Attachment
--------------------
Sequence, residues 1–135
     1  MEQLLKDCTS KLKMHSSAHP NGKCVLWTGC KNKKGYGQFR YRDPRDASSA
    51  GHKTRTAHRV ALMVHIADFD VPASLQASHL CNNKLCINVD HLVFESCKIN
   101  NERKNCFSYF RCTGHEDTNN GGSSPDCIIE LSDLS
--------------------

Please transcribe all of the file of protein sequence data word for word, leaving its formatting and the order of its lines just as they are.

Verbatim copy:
Sequence, residues 1–135
     1  MEQLLKDCTS KLKMHSSAHP NGKCVLWTGC KNKKGYGQFR YRDPRDASSA
    51  GHKTRTAHRV ALMVHIADFD VPASLQASHL CNNKLCINVD HLVFESCKIN
   101  NERKNCFSYF RCTGHEDTNN GGSSPDCIIE LSDLS